By Cat Strom.
Photos: David Youdell and BCS imaging
The DMA’s do not disappoint on their long awaited Australian tour
With a sound and style heavily influenced by ’90s Britpop, it’s no surprise that Australian band The DMA’s are a big hit in the UK. Having just finished a 24-date run there, the band finally found time to return for an Australian tour selling out venues wherever they went.
FOH engineer Jeff Hahn has worked with the band for the past eighteen months, picking them up as his other main act Violent Soho wound down their touring cycle. However his ‘proper’ job is Production Manager at Brisbane’s Triffid, a position he has held since it opened in 2014.
“Luckily the venue owners know it’s important to have me out doing stuff with current acts and keeping my finger on the pulse,” added Jeff. “That way I can relate better to the touring techs and artists that come through the venue and know what’s really needed from a venue when you’re in their position.”
Jeff has generally been an Avid Profile man but for this tour he stepped up to the Avid Venue S6L saying he found the console very intuitive to use. “I had only used an S6L once before this tour but was immediately impressed with it from day one,” he said.
“The huge improvement in processing and pre amps add significantly more weight and headroom over the previous Venue consoles. Sonically it is certainly a big step up.” On the last Violent Soho tour Jeff took out a Midas XL4, partly to challenge himself but also he just wanted to use a great sounding console on those big PAs.
“I’ve used every make and model of modern console and I feel that all the digital consoles I’ve ever used are compromised sonically for the sake of convenience and I just wanted it to sound as good as possible without that compromise. The S6L doesn’t sound as compromised to me; it sounds really good straight in and straight out with plug ins used for taste rather than being essential. Importantly, the channel EQ feels more musical to use than other digital consoles.”
Jeff had some outboard gear such as a Smart Research C2 compressor over left and right saying he really likes what they do to a mix.
“I’m only just touching the mix with it,” he added. “I always like having a good analogue compressor after a digital console, I prefer to run digital consoles pretty cool and then give it a kick on the way out than try to run them hot at the output stage. That’s always been my typical approach and I used it on this run partly to have something familiar at hand.”
A TC Electronic M5000 reverb unit was used as lush reverbs are a big feature in The DMA’s music especially on Tommy’s vocal.
“I use copious amounts of reverb on Tommy’s vocals, more than I’ve ever gotten away with before,” said Jeff. “It just sticks to his voice and helps to make it sit better out front. The more I put on it, the better it seems to get! He’s got a fairly unique tonal timbre to his voice that’s very open and throaty and the right reverb just sticks to it beautifully.”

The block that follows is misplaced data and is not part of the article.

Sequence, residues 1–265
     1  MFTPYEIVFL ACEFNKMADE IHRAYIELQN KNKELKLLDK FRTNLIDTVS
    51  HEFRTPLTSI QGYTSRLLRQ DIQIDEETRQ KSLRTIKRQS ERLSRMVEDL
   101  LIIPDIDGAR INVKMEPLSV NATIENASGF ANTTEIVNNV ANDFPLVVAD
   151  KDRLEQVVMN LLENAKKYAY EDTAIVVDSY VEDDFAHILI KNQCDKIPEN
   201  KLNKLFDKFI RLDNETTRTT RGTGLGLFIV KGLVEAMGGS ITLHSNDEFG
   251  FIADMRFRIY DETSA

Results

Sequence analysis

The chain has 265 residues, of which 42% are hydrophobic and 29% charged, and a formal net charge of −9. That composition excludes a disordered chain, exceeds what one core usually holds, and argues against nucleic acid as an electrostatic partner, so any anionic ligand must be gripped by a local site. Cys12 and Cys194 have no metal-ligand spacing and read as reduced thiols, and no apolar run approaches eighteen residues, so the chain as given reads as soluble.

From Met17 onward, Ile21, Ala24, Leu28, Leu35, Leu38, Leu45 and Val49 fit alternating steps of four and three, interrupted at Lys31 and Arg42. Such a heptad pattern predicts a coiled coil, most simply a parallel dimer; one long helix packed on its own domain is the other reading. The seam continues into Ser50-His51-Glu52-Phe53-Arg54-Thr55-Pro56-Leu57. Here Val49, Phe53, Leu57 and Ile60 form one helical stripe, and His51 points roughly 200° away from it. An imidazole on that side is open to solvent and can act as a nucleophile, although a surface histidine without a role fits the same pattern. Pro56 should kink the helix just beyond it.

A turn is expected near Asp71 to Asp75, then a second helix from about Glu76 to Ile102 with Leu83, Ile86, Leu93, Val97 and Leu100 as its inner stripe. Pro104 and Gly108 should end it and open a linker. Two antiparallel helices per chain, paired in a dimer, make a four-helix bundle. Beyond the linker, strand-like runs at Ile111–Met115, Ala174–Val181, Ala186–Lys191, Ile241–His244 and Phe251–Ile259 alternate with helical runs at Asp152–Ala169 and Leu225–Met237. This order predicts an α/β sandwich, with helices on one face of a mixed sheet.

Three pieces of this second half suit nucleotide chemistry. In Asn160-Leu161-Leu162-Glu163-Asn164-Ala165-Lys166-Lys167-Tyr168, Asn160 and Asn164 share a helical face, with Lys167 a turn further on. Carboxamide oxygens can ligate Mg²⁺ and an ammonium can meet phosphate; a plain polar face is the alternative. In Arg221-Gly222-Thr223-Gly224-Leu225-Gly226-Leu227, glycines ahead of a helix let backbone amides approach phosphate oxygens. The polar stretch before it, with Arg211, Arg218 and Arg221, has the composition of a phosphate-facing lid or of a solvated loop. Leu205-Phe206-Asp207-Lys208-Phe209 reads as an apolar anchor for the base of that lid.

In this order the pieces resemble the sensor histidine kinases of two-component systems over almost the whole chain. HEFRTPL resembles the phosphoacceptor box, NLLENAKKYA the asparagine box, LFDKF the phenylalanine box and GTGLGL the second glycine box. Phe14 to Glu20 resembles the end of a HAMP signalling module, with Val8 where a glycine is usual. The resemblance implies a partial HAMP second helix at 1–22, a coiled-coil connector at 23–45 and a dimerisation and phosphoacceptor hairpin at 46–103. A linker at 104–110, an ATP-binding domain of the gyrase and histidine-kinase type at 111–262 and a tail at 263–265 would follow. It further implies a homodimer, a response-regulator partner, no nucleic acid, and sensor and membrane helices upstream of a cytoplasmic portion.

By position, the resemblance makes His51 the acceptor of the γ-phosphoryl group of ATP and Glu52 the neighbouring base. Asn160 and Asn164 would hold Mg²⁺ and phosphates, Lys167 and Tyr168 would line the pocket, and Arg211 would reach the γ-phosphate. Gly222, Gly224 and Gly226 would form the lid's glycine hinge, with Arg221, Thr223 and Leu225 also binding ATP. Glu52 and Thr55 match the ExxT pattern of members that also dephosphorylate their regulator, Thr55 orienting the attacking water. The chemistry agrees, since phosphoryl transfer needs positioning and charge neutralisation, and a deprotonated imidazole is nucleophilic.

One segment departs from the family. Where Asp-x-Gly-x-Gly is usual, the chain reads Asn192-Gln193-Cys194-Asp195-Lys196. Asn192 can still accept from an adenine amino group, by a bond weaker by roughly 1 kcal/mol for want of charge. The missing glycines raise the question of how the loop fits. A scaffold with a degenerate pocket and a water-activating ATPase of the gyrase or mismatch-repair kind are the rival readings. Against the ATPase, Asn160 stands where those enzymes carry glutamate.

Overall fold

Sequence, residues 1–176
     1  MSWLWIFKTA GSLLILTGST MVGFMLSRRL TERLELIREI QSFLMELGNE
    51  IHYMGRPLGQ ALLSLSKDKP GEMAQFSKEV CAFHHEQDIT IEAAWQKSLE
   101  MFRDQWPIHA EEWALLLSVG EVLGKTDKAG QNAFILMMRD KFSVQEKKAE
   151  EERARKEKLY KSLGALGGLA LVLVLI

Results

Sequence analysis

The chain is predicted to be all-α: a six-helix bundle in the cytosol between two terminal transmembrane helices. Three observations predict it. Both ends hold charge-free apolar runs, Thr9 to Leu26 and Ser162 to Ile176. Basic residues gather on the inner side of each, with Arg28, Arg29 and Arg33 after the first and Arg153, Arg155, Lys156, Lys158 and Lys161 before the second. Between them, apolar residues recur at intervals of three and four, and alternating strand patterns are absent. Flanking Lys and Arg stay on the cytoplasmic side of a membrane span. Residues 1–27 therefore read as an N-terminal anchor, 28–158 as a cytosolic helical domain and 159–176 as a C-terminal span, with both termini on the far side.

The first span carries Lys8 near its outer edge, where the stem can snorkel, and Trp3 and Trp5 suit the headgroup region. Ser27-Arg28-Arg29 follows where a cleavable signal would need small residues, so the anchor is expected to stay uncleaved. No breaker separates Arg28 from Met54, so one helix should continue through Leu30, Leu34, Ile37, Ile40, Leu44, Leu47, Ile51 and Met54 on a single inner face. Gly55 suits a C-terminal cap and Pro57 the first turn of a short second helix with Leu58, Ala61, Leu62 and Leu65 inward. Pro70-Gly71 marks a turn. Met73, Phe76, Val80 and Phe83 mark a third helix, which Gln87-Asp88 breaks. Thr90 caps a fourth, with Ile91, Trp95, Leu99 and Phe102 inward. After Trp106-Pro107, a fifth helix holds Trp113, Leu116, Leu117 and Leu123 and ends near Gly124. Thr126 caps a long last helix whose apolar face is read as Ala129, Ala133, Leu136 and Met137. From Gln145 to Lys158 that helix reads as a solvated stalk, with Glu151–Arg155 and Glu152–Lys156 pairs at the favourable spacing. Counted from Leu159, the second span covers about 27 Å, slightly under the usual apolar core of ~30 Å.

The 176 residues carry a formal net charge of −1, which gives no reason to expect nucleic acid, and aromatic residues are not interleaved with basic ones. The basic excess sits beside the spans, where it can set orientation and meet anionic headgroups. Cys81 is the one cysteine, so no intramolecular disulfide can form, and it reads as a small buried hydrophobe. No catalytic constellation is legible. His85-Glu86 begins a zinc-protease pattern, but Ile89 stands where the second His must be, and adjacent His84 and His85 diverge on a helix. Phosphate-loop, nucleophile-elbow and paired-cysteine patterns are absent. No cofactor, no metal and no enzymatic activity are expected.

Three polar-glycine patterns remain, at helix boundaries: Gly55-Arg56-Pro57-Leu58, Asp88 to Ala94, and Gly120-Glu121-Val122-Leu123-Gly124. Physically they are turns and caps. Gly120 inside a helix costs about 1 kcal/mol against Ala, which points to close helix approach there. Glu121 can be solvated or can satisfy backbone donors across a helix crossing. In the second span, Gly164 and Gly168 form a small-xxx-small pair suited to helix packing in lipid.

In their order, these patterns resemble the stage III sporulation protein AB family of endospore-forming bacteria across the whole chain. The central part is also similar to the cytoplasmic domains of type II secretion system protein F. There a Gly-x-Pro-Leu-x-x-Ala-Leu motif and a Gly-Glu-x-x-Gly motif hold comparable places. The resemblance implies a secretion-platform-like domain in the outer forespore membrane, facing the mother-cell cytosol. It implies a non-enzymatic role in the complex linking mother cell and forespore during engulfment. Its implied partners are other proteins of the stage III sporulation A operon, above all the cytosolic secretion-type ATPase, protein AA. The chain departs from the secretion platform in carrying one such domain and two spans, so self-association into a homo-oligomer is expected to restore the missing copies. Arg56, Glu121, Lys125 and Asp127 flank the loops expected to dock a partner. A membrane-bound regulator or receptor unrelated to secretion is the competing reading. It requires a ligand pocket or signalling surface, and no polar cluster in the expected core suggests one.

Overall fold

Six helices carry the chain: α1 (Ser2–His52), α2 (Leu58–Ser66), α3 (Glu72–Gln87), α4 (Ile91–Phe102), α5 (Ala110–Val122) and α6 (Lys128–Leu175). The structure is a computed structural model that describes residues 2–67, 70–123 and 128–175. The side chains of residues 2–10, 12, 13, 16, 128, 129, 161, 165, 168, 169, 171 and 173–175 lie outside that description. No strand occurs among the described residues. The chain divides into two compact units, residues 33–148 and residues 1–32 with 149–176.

Despite Tommy being a great singer, it’s always a challenge for Jeff to lift his vocal above the wall of sound on stage.
“He gives me plenty of level but it is dynamic music and the guitars swell at times producing a cacophonous wall of sound,” he explained. “The main vocal channel is the money channel, lose that in the mix and you’ll lose your gig pretty fast!
“They’re a very good sounding band and not hard to make sound good out front but I’m always working during the show, I have to constantly ride levels because you never really know what you’re going to get from night to night from the stage, especially with so many different combinations and stacking of gain stages on all of the bass and guitar effects.
“I do use some group sidechain compression to help with this; I sidechain the guitars off Tommy’s vocal just to duck them a couple of dB when he’s singing, it frees up a bit of room in the mix and helps keep his voice front and centre.”
Jeff tours all his own microphones with DMA’s preferring a blend of old and new models. On the kick and toms were Sennheiser MD421s, Shure 57s on snare top and bottom, an AKG 451 on hats and a RØDE NT4 stereo X/Y for overheads. All vocals were Sennheiser MD431s with Jeff commenting that it’s been his favourite vocal mic for a long time.
“They’re just a great sounding mic, as I was coming up and trying different combinations it was one of the few microphones that when put in front of them, experienced singers would often ask, what mic is this?,” he remarked.
“They have a lot of mid-range present in them and to my ears are a simple, natural sounding vocal microphone with a tight pattern and you can do with them tonally what you will. I have a Beyerdynamic M88 on bass which is a big part of the tone, the bass amp is about 60% of what comes out front with a REDDI tube DI and a Sans Amp making up the rest, guitars are all Sennheiser e906.”
The drummer utilizes hard wired IEMs and a sub with the rest of the band all on wedges, preferably M2s or M4s for Tommy, making for a loud stage. Monitor engineer Harrison Maher, on his first tour with the band, ran an Avid Profile.
In-house PA systems were used throughout the tour with the FOH control supplied by JPJ Audio for the east coast shows, Novatech for Adelaide and At Audio Technik did Perth.
This article first appeared in the July-August 2018 edition of CX Magazine New Zealand pp.45-48. CX Magazine is Australia and New Zealand’s only publication dedicated to entertainment technology news and issues. Read all editions for free or search our archive www.cxnetwork.com.au
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